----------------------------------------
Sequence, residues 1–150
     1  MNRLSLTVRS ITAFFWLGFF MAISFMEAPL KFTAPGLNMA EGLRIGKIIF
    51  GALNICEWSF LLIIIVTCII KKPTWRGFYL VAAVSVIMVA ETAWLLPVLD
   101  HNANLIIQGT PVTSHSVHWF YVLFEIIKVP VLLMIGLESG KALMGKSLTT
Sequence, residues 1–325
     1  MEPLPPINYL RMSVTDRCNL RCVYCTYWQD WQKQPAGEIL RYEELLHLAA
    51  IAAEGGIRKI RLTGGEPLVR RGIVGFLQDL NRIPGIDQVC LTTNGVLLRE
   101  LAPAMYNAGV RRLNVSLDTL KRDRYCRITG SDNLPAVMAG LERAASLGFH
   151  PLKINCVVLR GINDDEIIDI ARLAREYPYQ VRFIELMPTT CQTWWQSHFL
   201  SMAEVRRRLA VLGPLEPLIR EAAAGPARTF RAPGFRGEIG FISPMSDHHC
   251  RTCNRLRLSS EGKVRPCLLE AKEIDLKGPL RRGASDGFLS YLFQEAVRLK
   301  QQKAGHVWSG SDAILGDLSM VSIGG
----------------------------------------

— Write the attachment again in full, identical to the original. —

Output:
Sequence, residues 1–150
     1  MNRLSLTVRS ITAFFWLGFF MAISFMEAPL KFTAPGLNMA EGLRIGKIIF
    51  GALNICEWSF LLIIIVTCII KKPTWRGFYL VAAVSVIMVA ETAWLLPVLD
   101  HNANLIIQGT PVTSHSVHWF YVLFEIIKVP VLLMIGLESG KALMGKSLTT
Sequence, residues 1–325
     1  MEPLPPINYL RMSVTDRCNL RCVYCTYWQD WQKQPAGEIL RYEELLHLAA
    51  IAAEGGIRKI RLTGGEPLVR RGIVGFLQDL NRIPGIDQVC LTTNGVLLRE
   101  LAPAMYNAGV RRLNVSLDTL KRDRYCRITG SDNLPAVMAG LERAASLGFH
   151  PLKINCVVLR GINDDEIIDI ARLAREYPYQ VRFIELMPTT CQTWWQSHFL
   201  SMAEVRRRLA VLGPLEPLIR EAAAGPARTF RAPGFRGEIG FISPMSDHHC
   251  RTCNRLRLSS EGKVRPCLLE AKEIDLKGPL RRGASDGFLS YLFQEAVRLK
   301  QQKAGHVWSG SDAILGDLSM VSIGG